Italy is the world’s most popular and high-flying destination for decades. Millions of tourists visit Italy every year as the border is also connected to Vatican City. It is famous for its historic places such as Colosseum, the Trevi Fountain, and the Pantheon.
In March the country’s tourism came to a halt when the country announced lockdown to prevent the spread of Covid-19. In mid-April the government allowed residents to only come out of their homes for essential purposes such as medical emergencies, appointments, or essential grocery shopping. The role of police and forces to keep the people at home helped to prevent the virus from spreading.
Tourism Taking the Pandemic Hit
The tourism industry of the country suffered the most, but the officials believe that it will change as the country reopens its borders for tourists. The countries, which are members of the Schengen visa, will be allowed to come to Italy. There are about 25 countries included in the Schengen visa-free travel area, which covers most of Europe, and will be welcomed in the country with no restriction.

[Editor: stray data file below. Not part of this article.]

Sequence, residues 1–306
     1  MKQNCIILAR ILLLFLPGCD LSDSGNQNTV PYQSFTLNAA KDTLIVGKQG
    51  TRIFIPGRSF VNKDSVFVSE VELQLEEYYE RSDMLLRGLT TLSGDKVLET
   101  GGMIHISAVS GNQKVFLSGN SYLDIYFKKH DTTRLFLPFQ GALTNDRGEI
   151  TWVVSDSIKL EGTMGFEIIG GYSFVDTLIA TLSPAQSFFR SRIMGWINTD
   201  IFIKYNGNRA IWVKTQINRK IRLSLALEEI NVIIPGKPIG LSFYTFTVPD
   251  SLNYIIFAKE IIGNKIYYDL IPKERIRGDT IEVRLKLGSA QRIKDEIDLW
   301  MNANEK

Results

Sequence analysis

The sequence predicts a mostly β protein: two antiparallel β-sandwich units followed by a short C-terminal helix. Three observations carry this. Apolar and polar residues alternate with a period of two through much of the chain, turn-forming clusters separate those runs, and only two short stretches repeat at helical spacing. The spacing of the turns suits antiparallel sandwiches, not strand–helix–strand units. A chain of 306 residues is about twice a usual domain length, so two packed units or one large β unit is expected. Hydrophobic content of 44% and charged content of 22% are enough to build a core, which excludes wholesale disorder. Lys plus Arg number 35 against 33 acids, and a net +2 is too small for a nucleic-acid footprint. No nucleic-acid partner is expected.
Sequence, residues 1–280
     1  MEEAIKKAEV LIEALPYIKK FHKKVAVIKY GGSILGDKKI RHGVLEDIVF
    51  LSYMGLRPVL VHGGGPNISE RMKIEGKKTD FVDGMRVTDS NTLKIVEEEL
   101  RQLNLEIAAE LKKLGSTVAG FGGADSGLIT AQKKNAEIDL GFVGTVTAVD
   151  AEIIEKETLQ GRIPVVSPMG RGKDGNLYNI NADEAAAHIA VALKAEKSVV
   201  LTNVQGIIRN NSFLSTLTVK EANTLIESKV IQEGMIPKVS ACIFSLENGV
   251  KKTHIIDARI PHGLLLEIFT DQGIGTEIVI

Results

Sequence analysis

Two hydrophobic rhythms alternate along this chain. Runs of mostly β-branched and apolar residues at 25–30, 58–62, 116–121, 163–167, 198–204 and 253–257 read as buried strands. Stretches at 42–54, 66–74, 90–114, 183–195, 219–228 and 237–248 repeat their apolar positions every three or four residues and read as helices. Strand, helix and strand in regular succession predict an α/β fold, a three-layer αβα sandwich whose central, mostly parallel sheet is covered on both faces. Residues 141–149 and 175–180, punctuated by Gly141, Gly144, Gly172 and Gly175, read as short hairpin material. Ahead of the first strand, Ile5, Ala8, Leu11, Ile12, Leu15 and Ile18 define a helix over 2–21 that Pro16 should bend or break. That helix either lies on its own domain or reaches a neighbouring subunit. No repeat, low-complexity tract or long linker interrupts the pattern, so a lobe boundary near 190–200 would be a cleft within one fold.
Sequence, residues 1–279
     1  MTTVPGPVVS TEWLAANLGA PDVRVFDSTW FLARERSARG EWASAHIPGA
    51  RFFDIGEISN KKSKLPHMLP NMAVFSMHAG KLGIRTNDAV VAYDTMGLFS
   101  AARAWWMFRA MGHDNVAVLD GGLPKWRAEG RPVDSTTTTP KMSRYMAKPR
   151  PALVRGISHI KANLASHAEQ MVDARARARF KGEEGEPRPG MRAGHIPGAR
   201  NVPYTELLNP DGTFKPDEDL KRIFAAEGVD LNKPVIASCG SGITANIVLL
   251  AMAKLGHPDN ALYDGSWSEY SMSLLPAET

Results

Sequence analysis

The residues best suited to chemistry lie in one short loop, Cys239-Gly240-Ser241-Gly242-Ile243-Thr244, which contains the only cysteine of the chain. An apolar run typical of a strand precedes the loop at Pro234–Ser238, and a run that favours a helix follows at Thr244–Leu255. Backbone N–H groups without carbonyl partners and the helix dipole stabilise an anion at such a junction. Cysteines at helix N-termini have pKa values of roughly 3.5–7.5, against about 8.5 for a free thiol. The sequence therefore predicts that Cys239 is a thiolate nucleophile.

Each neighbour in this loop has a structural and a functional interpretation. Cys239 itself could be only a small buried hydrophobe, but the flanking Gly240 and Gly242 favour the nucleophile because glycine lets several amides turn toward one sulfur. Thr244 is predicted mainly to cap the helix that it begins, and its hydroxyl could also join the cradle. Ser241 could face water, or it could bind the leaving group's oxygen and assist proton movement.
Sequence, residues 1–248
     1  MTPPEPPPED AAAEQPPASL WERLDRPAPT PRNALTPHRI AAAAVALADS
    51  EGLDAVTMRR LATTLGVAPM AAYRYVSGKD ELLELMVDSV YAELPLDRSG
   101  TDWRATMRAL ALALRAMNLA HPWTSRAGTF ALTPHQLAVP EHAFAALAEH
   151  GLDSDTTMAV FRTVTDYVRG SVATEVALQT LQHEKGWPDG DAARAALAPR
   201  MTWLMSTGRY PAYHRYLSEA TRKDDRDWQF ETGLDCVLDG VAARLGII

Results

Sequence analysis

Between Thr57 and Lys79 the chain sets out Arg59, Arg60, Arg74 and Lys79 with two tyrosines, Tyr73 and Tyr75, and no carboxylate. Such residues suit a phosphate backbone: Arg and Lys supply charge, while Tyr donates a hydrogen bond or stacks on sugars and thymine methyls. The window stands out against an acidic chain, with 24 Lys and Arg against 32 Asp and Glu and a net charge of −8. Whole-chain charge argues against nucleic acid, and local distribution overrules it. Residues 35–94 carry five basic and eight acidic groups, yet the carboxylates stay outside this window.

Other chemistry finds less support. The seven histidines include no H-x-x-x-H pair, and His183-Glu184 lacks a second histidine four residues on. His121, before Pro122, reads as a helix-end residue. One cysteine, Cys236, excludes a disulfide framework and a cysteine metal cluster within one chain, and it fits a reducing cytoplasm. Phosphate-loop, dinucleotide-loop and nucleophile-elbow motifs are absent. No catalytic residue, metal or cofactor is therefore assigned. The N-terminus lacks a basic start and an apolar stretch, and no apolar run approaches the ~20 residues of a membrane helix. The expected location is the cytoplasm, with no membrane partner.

Tourists going to Italy will experience a lot of changes. Many restaurants are making the customers scan the QR codes through their own smartphones to access the menu and not using the menu card to decide the meal.
In Italy shops, restaurants and bars are open and restaurants are advised to operate through takeaway only. Hotels are set to reopen till June, but only if they get bookings.
Italy takes Calculated Risk
The pandemic has claimed more than 30,000 lives and at the same time crippled Italy’s economy. The decision to reopen borders is a calculated risk, Italy needs people to come from abroad to boost tourism and support other sectors of their economy. The agriculture in Italy alone takes 350,000 people from countries like Poland, Hungry and Bulgaria to work as seasonal workers.
The historic churches will also reopen but the faithful will be required to observe social distancing. Cinemas and theaters will also open from June 15, however, large gatherings will remain banned.
Italy hopes to revive its tourism and economy with a calculated risk. The long lockdown has created much havoc for the people and the government both. The decision to reopen still comes with the fear of the pandemic.